One place where liberals and libertarians can find common ground is government intrusion into private lives, and Palm Beach County Sheriff Ric Bradshaw’s “Violence Prevention Program” has all the earmarks of authoritarian overreach.
In theory, the idea of private citizens reporting on neighbors who say and do things that appear potentially harmful to general society makes some sense in this dangerous world. Yet, totalitarian governments have historically justified crackdowns on civil liberties by citing the need for public order and safety.
Sheriff Bradshaw’s office has submitted program guidelines to Gov. Scott’s office, and they state that someone who makes “anti-government comments,” but not “threats,” will be left alone. This seems like a mighty fine hair to split, particularly if the authorities that would intervene rely on the reporting party to interpret the true intent of the so-called suspect. It’s easy to see how a “comment” could become a “threat” if there’s a dispute between neighbors over, say, garbage cans being left out on the curb too long.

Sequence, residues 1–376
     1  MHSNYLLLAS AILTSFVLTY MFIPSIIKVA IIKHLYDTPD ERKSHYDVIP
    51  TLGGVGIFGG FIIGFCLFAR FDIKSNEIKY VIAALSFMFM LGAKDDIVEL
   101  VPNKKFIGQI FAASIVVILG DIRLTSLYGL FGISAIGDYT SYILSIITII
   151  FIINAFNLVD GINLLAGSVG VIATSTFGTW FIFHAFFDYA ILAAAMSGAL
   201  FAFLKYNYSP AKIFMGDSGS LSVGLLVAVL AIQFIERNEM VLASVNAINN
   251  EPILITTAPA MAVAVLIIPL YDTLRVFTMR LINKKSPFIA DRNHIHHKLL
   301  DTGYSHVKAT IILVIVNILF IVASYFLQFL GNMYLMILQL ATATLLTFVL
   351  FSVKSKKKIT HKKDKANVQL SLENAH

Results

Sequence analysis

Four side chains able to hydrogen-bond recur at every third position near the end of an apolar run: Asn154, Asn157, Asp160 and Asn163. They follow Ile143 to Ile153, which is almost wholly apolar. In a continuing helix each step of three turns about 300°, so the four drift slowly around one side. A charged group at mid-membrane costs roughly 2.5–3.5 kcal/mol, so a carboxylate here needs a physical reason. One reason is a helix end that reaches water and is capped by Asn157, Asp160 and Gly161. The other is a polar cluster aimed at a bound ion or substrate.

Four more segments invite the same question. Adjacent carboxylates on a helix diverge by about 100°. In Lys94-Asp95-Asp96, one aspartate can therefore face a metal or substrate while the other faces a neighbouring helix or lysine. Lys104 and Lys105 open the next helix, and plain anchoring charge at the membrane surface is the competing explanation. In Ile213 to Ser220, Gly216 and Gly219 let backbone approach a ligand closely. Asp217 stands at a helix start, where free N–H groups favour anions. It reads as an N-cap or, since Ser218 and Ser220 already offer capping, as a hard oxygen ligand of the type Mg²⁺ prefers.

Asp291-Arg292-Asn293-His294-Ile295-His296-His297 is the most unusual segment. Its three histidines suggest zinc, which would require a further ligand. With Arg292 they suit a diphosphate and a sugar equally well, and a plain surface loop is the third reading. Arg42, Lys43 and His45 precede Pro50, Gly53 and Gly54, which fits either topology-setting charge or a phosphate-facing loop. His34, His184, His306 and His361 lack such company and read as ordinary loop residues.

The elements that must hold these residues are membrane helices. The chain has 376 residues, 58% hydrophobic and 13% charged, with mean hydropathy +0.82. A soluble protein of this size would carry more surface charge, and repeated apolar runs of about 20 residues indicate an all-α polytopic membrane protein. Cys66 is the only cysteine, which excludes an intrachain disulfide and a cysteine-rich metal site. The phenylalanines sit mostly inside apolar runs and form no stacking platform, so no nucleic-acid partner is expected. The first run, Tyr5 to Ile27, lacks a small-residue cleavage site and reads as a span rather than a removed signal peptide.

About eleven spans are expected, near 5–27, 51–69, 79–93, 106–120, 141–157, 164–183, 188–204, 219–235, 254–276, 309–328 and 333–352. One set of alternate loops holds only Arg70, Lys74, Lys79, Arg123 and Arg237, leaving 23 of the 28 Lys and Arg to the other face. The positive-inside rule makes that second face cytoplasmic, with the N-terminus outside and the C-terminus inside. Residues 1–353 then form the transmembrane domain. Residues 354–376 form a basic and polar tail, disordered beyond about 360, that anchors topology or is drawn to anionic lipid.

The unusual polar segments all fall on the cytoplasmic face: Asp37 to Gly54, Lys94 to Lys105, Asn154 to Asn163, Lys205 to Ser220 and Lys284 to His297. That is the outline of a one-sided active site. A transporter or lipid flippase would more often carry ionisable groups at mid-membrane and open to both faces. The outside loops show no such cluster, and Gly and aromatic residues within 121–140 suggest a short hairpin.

Since a 211 hot line already exists to report crazies and unstable people in Palm Beach County, the sheriff’s program sounds not only misguided but superfluous.
It reminds me of something the late Nick Navarro, former Broward County Sheriff, once said to the TV cameras and other assorted media that swooped in when he and his team busted a show at a gay bar (back when those things were considered lewd and a threat to public decency). Somebody asked him how the bust squared with the First Amendment to the U.S. Constitution. “I was born in Cuba,” he said. “I don’t know about the Constitution. All I know about is enforcing the law.”Copyright © 2015, The Baltimore Sun